Going round the local charity shops with my daughter recently, I picked up a copy of Donna Tartt's "THE GOLDFINCH". I'd read the reviews when it first came out, but never got round to buying it. My daughter, grand-daughter, and their close friend Jon Welch, the playwright, all loved it, so I bought it (couldn't get a higher recommendation that). It is dauntingly long, and physically cumbersome, so I'll probably replace it with the ebook version. I'm also finding it, initially slow, which is my fault as a reader - certainly not hers as a writer.

'Slow' has been the main criticism of the BBC's production of "WOLF HALL", too. I think we're all being conditioned to respond to fast action, and the first episode of "WOLF HALL" was complex, especially for viewers not familiar with the book, and yes, slow. Since then, I've become more and more impressed by it, and will be sad when it reaches its final episode (only temporarily, I hope - there are two more books, one of which we are still waiting for). Slowness is a quality the media actively dislikes - it would prefer us to spend little or no time in the contemplation of what we have seen or read, so that, even if we've just finished watching an amazing and thought-provoking programme, it has to butt in to tell us what's coming next. Sometime I wonder if fast/junk food and fast reading/viewing aren't directly related.

    Recently I've been going through old work, some of it dating back to the time when there were no computers. Reading one's own work again feels odd - like coming across it for the first time, as a critical reader. Much of what I discarded were, inevitably, multiple hard copies - I find that, however much I write online, it still has to run through that final (and often not so final) print to paper test. Among the very old and irreplaceable stuff, I found a short story I'd had published in a magazine, with a photocopy of the accompanying, and quite stunning, line illustration by Barbara Anne Taylor. It was quite hard to photograph, as the paper had browned and was curled, but here it is.

The actual story grew out of my experience of working in a Rudolf Steiner school, and involves a very odd, intense friendship between two adolescents with learning difficulties - a boy and a girl. I'm now playing with the idea of re-writing it as a one-off drama. It's a Romeo and Juliet story, so not a happy ending, and set in a rather grim 50s mental hospital.


JO said…
Sounds like an interesting story you have cooking!
Jan Needle said…
I'm also finding it, initially slow, which is my fault as a reader - certainly not hers as a writer.

Now there's an interesting comment. If I find a book boring, does that mean I'm at fault? Half the people I know who've tried (or finished) this book quite disliked it, and I didn't like The Secret History much, so didn't bother with this one.

As to Wolf Hall, TV version, I can't believe anybody outside the Daily Maily twit-sphere actually found it 'slow'. The acting alone had me on the edge of my seat, and the screenplay was mind-blowing.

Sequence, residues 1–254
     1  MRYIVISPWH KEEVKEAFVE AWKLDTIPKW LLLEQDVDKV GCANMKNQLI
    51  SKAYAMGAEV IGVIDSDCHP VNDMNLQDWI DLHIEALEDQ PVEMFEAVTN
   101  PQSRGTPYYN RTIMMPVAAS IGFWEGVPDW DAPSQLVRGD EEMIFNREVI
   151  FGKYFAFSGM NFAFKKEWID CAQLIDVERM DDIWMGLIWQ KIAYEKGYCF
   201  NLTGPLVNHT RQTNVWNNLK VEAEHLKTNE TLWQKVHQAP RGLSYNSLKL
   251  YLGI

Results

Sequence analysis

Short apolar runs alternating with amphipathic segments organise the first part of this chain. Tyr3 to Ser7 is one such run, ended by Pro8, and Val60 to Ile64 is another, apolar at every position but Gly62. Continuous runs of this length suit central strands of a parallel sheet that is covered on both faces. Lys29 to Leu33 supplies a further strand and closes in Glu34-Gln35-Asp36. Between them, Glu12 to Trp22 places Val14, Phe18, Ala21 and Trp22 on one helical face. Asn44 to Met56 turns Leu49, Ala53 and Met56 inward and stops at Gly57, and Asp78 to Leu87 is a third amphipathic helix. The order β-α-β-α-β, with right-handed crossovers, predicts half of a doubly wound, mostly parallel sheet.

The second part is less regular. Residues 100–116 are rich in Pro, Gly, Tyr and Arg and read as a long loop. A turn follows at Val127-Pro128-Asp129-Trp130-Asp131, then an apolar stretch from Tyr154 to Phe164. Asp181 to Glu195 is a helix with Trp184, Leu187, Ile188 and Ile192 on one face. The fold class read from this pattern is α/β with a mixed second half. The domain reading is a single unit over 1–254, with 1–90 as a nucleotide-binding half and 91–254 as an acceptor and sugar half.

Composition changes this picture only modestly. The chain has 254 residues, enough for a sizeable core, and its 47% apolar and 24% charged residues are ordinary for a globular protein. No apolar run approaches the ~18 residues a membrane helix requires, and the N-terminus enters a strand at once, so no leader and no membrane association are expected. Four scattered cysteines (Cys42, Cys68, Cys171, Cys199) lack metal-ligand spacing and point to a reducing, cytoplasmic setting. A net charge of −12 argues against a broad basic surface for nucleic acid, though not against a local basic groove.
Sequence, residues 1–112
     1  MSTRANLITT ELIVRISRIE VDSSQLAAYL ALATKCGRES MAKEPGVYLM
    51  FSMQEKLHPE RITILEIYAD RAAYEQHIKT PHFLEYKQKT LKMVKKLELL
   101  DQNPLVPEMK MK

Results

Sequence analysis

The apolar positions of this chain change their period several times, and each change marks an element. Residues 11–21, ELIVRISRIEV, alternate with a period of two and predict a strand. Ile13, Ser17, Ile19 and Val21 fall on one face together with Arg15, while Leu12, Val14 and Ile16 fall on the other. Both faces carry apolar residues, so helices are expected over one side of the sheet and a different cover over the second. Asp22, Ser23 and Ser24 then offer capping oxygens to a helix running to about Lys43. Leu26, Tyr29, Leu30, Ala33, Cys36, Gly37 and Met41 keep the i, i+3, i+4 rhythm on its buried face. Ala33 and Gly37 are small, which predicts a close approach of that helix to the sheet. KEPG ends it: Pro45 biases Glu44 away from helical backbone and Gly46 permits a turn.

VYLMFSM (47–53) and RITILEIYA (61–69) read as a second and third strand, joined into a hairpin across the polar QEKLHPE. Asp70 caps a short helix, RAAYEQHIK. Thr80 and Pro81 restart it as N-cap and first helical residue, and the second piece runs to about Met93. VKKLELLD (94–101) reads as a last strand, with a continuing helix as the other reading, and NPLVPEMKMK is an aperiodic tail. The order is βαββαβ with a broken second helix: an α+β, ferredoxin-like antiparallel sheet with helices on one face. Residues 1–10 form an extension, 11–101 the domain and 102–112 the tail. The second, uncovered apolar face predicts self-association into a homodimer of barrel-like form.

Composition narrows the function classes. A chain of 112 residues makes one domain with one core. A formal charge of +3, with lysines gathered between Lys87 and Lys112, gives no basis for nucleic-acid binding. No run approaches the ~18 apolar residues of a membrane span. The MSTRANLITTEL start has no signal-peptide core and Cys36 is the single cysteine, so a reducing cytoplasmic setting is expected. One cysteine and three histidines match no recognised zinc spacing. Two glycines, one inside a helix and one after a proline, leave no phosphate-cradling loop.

Horses for courses, anyone?
I don't really think the reader can be blamed for not enjoying a book. It wouldn't do if we all engaged with the same things. I'm a big fan of China Mieville for example and can plough on through his doorstop sized and complicated novels with a huge amount of pleasure. But not so much Donna Tartt. I do find that factual television is obsessed with time constraints though. Every programme has to have a sort of spurious jeopardy. Everything from cooking to gardening - a slow process if ever there was one - has to be done within a short space of time. I suspect this sometimes infects drama as well. That illustration looks beautiful - reminiscent of Aubrey Beardsley, isn't it?
Lydia Bennet said…
I don't like Donna Tartt and will not allow her to cheat me again as a reader! I loved the Secret History and bought the next one, which turned out to be a crime novel with no proper ending - it took her something like ten years to write it and it just peters out after masses of pages of beautiful writing and getting you engaged. It's the BBC killing Toby Wren all over again I tell you! I was furious and will not give her the chance to do this again. Surely the woman has editors? Gah! Good idea to go back and revisit older work, with the benefit of experience, it can lead to good new work. I've been doing a bit of that too.
Bill Kirton said…
What a relief to discover that I'm not the Philistine I secretly thought I was for finding Donna Tartt's stuff boring. Life's much too short to persevere with any book whose characters don't engage you or whose style is irritating, pretentious or whatever. On the other hand, getting absorbed into the world of a fiction takes you out of time and just makes the moments stretch.
Lydia Bennet said…
There's way too much padding in too much fiction nowadays Bill, I hate that kind of slowness as I can spot it a mile off and it's irritating. Slow burning stories are another thing entirely.
Nick Green said…
I'm afraid the answer is as banal as this: different people like different things. Because people are different.
But Jan already said that with his horses for courses.
Enid Richemont said…
So far, I am engaged with the characters and the situation in The Goldfinch, but I do find myself challenged by the physical bulk of pages to come. Your comments on Donna Tartt are interesting, but three people who are close to me have stayed the course, so I won't wimp out yet.

WOLF HALL on TV has been amazing, especially the final one - so moving. But I do wish they'd shut up for a few seconds after something as good as that has ended. Silence is such a lovely thing, and used so rarely.
Lee said…
Different people, different things --yes, of course. The thing is, each of us is more than one person, hence can easily like very disparate things at one and the same time.

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